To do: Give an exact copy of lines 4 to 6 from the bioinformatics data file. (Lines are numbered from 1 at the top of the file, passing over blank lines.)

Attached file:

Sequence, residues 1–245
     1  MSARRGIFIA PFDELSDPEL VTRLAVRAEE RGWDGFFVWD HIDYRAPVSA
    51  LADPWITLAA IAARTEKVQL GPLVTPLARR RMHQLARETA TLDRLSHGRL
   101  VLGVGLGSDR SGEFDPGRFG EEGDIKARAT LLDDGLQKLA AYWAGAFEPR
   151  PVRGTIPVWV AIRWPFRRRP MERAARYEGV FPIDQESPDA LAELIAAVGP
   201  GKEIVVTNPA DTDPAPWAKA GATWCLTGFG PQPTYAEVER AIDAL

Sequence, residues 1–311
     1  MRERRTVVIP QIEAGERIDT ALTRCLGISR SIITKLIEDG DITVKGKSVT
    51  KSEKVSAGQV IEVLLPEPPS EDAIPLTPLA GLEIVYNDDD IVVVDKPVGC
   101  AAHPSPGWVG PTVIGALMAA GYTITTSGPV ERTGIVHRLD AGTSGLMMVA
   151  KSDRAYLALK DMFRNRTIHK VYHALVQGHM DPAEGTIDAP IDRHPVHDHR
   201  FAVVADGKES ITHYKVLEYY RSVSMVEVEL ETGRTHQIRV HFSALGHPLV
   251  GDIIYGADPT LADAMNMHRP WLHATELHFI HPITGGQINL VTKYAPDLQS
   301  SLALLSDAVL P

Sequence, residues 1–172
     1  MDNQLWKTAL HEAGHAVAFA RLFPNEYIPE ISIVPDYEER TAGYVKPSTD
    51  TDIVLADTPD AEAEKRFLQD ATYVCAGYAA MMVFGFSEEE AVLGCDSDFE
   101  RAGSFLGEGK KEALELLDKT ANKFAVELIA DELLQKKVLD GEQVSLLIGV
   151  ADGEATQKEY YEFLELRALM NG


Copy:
   101  VLGVGLGSDR SGEFDPGRFG EEGDIKARAT LLDDGLQKLA AYWAGAFEPR
   151  PVRGTIPVWV AIRWPFRRRP MERAARYEGV FPIDQESPDA LAELIAAVGP
   201  GKEIVVTNPA DTDPAPWAKA GATWCLTGFG PQPTYAEVER AIDAL